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Three things we learned Tuesday: Once again, we’re sleeping on the Spurs

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If you had to pick up the in-laws at the airport, or start your holiday shopping, or just generally were busy Tuesday, I’m sorry. This was as good a night of NBA games as we’ve had this season. Your loss. Here are the big takeaways.

1) In an annual tradition, everyone is sleeping on the San Antonio Spurs.
There are dynamic and exciting teams at the top of the NBA food chain. Golden State is blowing good teams out — they beat the Jazz by 30 Tuesday — and Kevin Durant is blending in seamlessly. LeBron James and the Cavaliers are the clear best of the East and seem destined for the Finals. Toronto’s incredible offense — better than the Warriors or Cavaliers — makes them must watch and a threat. Then there is the offensive blur that is the Houston Rockets, with James Harden leading a sharpshooting offense to 10-straight wins.

Dazzled by all the bright, shiny objects, we once again are looking right past the Spurs.

That would be the 23-5 Spurs, probably the second-best team in the NBA right now (at least by our power rankings), a team that put on an impressive three-point shooting display late Tuesday night — 8-of-10 in the fourth, including Patty Mills wide-open game winner — to snap the Rockets 10-game winning streak.

The Spurs have the sixth-ranked offense in the NBA, the fourth-ranked defense, and just continue to execute better than anyone in the clutch, finding the mismatches and exploiting them nightly. San Antonio is 15-1 on the road. Their defense has improved as the season went on. Kawhi Leonard is an MVP candidate (yes, statistically the Spurs defend better with him off the floor, but he’s usually out there with both Tony Parker and Pau Gasol, and he can only make up for so much on that end, plus there’s the decoy issue). LaMarcus Aldridge remains nearly impossible to guard averaging 16.6 points per game and shooting 45.5 percent from three. Gasol has adjusted to his role and is scoring 11.8 per game. Manu Ginobili is still making plays off the bench — one of the better benches in the game.

Can the fading athleticism of the Spurs, along with the defense of Parker and Gasol (dragging them into pick-and-rolls) be exploited in the playoffs? Teams are going to try, but how many have the personnel to pull it off? In the West there’s the Warriors, the Clippers when healthy, and… it’s a short list. The Spurs are legit contenders, and we should be talking about them more.

2) DeMarcus Cousins goes off. First during the game, then after. Tuesday was the most DeMarcus Cousins of days.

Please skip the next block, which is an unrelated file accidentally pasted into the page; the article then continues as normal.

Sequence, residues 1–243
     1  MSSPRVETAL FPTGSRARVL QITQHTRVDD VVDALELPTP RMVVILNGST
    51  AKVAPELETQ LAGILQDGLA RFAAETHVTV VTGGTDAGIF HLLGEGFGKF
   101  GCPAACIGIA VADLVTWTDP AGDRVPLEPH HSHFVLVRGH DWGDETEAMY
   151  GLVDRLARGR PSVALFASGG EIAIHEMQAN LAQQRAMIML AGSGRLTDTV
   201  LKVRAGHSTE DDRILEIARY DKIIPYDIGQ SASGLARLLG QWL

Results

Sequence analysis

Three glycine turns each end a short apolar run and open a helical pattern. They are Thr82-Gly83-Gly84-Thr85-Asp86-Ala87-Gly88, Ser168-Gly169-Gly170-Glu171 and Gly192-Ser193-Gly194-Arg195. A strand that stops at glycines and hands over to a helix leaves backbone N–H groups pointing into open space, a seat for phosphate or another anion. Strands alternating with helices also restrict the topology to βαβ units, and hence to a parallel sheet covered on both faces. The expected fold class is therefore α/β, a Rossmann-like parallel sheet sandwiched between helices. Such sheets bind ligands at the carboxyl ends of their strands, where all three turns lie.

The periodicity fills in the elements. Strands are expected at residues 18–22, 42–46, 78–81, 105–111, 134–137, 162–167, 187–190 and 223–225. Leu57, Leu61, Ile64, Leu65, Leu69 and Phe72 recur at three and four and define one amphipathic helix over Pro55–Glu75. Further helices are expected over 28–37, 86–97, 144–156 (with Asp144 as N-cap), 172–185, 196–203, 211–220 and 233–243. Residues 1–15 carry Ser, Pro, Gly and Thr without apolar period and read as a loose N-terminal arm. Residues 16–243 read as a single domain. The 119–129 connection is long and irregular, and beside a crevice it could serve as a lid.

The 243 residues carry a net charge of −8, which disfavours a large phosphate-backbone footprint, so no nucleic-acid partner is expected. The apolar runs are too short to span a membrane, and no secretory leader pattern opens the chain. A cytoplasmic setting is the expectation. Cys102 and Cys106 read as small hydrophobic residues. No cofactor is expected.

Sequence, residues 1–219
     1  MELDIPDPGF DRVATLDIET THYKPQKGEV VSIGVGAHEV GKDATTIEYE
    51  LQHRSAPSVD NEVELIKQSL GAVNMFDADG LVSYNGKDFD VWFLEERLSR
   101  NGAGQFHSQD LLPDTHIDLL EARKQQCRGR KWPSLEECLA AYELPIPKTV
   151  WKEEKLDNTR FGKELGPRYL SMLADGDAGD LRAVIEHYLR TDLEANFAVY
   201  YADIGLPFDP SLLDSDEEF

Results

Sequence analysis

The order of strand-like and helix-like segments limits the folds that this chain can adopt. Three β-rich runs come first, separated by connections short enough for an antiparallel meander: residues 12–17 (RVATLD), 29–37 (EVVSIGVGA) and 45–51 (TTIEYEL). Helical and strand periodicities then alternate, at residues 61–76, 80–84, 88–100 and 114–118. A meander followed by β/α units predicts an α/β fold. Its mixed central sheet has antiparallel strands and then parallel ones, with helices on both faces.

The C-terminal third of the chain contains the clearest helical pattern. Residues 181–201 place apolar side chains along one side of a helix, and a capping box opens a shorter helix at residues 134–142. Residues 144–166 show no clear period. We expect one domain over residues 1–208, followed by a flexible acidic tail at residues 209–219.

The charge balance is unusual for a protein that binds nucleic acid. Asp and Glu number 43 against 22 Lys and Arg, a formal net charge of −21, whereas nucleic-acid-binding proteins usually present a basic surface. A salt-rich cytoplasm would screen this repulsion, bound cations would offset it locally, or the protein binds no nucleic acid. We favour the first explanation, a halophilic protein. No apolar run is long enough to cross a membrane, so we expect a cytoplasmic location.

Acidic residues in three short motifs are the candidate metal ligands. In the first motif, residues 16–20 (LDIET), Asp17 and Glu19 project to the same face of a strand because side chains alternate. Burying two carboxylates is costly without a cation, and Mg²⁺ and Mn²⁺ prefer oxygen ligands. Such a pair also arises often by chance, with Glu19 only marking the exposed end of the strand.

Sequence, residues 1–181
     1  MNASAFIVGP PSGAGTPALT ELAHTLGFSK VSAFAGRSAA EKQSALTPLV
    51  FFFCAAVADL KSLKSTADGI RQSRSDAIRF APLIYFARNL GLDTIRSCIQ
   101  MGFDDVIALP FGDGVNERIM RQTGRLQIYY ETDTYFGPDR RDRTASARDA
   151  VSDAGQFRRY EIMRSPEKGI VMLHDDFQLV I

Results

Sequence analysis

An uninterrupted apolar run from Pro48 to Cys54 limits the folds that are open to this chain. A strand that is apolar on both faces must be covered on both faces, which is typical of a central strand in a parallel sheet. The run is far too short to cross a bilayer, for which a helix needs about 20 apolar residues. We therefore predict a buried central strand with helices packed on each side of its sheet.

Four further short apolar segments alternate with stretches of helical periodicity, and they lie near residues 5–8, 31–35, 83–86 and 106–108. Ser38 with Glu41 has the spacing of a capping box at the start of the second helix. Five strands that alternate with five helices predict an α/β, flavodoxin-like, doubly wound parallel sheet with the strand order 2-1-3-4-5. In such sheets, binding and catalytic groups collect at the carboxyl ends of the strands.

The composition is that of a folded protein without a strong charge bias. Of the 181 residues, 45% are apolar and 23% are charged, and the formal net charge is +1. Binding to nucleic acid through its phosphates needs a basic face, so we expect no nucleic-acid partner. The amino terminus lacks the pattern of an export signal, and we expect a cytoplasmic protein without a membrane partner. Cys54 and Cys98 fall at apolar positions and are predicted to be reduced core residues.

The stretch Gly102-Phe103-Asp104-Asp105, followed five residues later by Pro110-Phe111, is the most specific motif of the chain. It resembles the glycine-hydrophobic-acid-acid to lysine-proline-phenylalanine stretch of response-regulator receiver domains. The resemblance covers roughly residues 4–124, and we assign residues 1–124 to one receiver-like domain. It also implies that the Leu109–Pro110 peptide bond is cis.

First, he gets a $50,000 fine from his own team for berating a Sacramento Bee columnist (a fine that was well deserved, there are much smarter ways to handle that). A frustrated Cousins takes the court Tuesday night and takes all of it out on the overmatched big men of the Portland Trail Blazers (sorry Mason Plumlee) dropping 55 points.

But the sequence everyone is talking about is Cousins getting ejected — then quickly unejected. The referee said postgame he thought Cousins threw his mouthpiece. Clearly, he didn’t, but did he spit it out intentionally? Either way, the refs changed their tune.

Cousins was adamant that the mouthpiece only came out accidentally — he was barking at the Blazers bench and it just fell out. Cousins was going off on his “ridiculous” rant that was pure gold — “gold Jerry, gold” — when the mic just cuts out.

It looked like the broadcast cut him off, although the reporter involved said they would never cut away from something that good, this was just an issue with the battery pack for the mic malfunctioning. Either way, it’s a perfect end to Cousins’ day.

3) Tuesday was the night of the close finishes.
Tuesday was the most entertaining night of League Pass this season. For example, Boston went into Memphis and got an overtime win on the road because Isaiah Thomas was doing his best unstoppable Allen Iverson imitation — a career high 44 points.

There was the Cavaliers and Bucks going to overtime, where LeBron James had the shot of the night — from Stephen Curry range — to put the Cavs ahead for good.

Charlotte’s Nicolas Batum had a driving bank shot over Nick Young to give the Hornets a win over the Lakers in the final seconds.

Of course, there was the Kings beating Portland and DeMarcus Cousins putting on a show (see above). And then there was Carmelo Anthony dropping 35 in a Knicks win. It was a good night to be an NBA fan.

Florida State’s Jonathan Isaac, probable top-10 pick, declares for NBA draft

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Jonathan Isaac explored bursting through a loophole to declare for the 2016 NBA draft straight out of high school.

Instead, he went to Florida State. Now, he’ll enter the 2017 draft.

Isaac:

If he doesn’t hire an agent, Isaac can maintain college eligibility, but this message seems pretty final. Expect Isaac to remain in the draft, and expect him to go in the top 10.

What I like most about the 6-foot-11 forward: Despite being so lanky, he was an elite defensive rebounder. That shows an underlying technical proficiency and physicality that should serve him well.

And then there are the drool-inducing flashes – his ability to go up and get alley-oops above the rim and a sweet-looking jumper.

He’s still a work in progress, and he deferred a lot at Florida State. But he’s just 19, and he has the tools to do more. I’d love to get him on my team as he learns to assert himself.

Report: Clippers sort of resent Austin Rivers’ favored status

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The Clippers faced a potential crisis this summer.

They had already agreed to re-sign Austin Rivers to a three-year contract worth more than $35 million, and Jamal Crawford was threatening to leave. Losing the then-36-year-old Crawford would’ve been costly, but it wouldn’t have been devastating. The bigger issue would have been the image: keeping the coach’s son over the reigning Sixth Man of the Year.